Perhaps your neighbor would like to own 51% of your property and contents, and offer you the same freedom from your debt. You won’t mind if he builds another one of his houses on your property and rents it out, will you? A buck is a buck. Make sure you keep your 49% clean, because he has governing authority over you. Perhaps you don’t know who you may be saying “good riddance” to, with a 49% holdings in your hand. In this case, it’s two (2) against one (1) in the board room, and you the one, (1) the previous land title owner.
        “Good riddance” indeed.

      • ed

        Actually the CWB was a Monopoly and as the single seller of your grain you still owned it right up to unload at a foreign nations shores. Farmers like yourself frequently complained about what “your” single desk was doing with “your” grain. This always solidly confirmed that they,(the farmers for just-us types), were quite aware that the CWB was merely handling the sale of your grain at a collective single desk. Wanting your cake and my cake and the right to eat both is somewhat prevalent in society today, but still not the norm. Let’s hope it doesn’t become the norm.
        The grain companies with some help from others won this round hands down and the aggregate debt on farms is clearly demonstrating that now. They have much more of our equity to push the lines of financial division again someday and when we are fully resigned to this latest one, they will. “It’s the way of the future.”

        • Concerned for fellow farmers

          The cwb officially became a reality in 1935 . But actually started in 1931 by farmers not the government . In fact the war did not start until 1939 . So I am not sure where this misinformation is coming from . I’ll informed I imagine . Again some I’ll informed people give the single desk seller labels that don’t fit . The cwb sold all the wheat and barley , as well as oats abroad through the cwb . The farmers did in fact own the grain until the point of sale abroad . Hence neither a true monopoly or a monopsony . See we had something unique . Set up by farmers in the 30’s to take control of their own product . My grandfather amoung many other farmers , sold their grain below the gov’t controlled sales price . To form the beginning of the cwb . It worked . It gave Canadian farmers access to markets around the world , with a reputation of delivering a top quality product on time . As well as premiums and the highest protien values ever to be received by farmers .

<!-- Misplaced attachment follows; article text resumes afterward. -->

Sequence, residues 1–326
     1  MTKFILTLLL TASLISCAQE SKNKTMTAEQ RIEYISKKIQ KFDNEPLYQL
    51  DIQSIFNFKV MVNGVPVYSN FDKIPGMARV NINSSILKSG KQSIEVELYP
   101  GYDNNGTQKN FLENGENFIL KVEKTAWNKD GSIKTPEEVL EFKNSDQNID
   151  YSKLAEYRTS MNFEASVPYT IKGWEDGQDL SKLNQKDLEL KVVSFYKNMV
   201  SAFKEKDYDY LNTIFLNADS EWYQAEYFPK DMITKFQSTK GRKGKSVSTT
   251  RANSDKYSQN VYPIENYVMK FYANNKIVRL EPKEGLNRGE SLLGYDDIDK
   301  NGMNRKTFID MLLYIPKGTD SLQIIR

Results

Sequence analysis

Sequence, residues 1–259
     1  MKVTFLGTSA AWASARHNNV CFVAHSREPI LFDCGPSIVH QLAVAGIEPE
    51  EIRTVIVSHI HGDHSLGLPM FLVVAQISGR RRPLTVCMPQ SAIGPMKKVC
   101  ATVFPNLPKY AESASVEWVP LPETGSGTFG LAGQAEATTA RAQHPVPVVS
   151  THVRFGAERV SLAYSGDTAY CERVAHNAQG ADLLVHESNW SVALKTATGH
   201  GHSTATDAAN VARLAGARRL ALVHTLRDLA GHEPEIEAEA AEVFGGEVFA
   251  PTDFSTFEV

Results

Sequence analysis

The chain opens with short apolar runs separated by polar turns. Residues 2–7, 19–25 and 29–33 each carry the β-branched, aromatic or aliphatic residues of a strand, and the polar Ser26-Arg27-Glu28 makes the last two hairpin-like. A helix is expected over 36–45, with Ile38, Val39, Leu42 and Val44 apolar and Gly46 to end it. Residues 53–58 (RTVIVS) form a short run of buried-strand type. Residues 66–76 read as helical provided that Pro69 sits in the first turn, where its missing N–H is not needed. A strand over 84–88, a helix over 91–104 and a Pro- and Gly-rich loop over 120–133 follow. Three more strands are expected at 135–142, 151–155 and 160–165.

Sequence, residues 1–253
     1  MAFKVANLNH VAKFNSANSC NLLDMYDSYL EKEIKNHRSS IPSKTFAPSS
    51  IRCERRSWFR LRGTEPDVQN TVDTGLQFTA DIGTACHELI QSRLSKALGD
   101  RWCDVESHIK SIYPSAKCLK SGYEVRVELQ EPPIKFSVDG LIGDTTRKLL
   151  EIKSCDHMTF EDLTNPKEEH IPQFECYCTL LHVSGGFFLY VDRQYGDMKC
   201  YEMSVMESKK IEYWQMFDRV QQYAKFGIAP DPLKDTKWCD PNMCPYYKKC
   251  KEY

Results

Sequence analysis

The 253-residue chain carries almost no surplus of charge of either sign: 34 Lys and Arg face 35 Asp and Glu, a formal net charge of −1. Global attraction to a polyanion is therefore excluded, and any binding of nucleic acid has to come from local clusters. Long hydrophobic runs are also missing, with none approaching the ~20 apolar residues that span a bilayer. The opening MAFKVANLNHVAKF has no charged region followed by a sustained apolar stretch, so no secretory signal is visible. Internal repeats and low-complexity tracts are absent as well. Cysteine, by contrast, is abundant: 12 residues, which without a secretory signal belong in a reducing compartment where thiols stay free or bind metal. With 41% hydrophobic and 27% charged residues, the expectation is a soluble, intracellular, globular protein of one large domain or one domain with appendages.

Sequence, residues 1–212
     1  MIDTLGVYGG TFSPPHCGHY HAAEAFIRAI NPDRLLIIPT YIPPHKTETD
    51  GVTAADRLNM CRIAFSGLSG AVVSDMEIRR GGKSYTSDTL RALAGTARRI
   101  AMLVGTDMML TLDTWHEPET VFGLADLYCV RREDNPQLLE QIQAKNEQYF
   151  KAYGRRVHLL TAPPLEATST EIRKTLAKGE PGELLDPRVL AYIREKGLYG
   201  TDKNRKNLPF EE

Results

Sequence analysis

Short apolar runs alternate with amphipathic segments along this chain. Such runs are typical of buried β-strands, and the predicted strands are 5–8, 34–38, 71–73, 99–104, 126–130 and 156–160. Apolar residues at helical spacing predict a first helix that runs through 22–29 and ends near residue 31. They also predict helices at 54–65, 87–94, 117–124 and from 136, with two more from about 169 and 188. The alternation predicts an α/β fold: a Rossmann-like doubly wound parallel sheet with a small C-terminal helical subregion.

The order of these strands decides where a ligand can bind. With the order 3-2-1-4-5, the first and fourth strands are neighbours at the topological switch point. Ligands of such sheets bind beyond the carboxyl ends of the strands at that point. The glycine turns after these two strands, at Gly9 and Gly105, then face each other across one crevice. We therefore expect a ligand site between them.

Today the elevators are taking huge profits building new elevators with money that would have gone to farmers under the cwb .
          There were a few underhanded moves under the cwb final years . But that was brought about by the government wanting to get their hands on grain sales they lost in the 1930’s . They brought in the president of the Australian marketing board , who also destroyed what Australia had . He was hand picked by Harpers government . He bought ships and spent money that belonged to farmers . There are rumours , and of course no proof . That the sooner he took down the cwb , the biggar his paycheque would be . So he foolishly spent money to anger farmers . The true final payments were never mailed out .
          We the Canadian farmers , own those ships , many railcars and owned a good portion of the money that became G3 .
          Hence , it was not the cwb you should put down . But the gov’t who dismantled it . To try and take a piece of the pie for themselves . At our expense .
          I want to be paid a fair price for my product . This will never happen . The elevators are as greedy as the gov’t . In fact many farmers are having input loans called by cps , Rabo bank (Jri) if you will . Because these institutions care about the bottom line . Not farmers . If the cwb was here you could have advances in hours to pay off these vultures . But the cwb is gone . My heart goes out to those who are paying 24% and having debt mediation fight for you . While your crop lays under the snow .This would not be the case under the cwb

      • Western farmer as well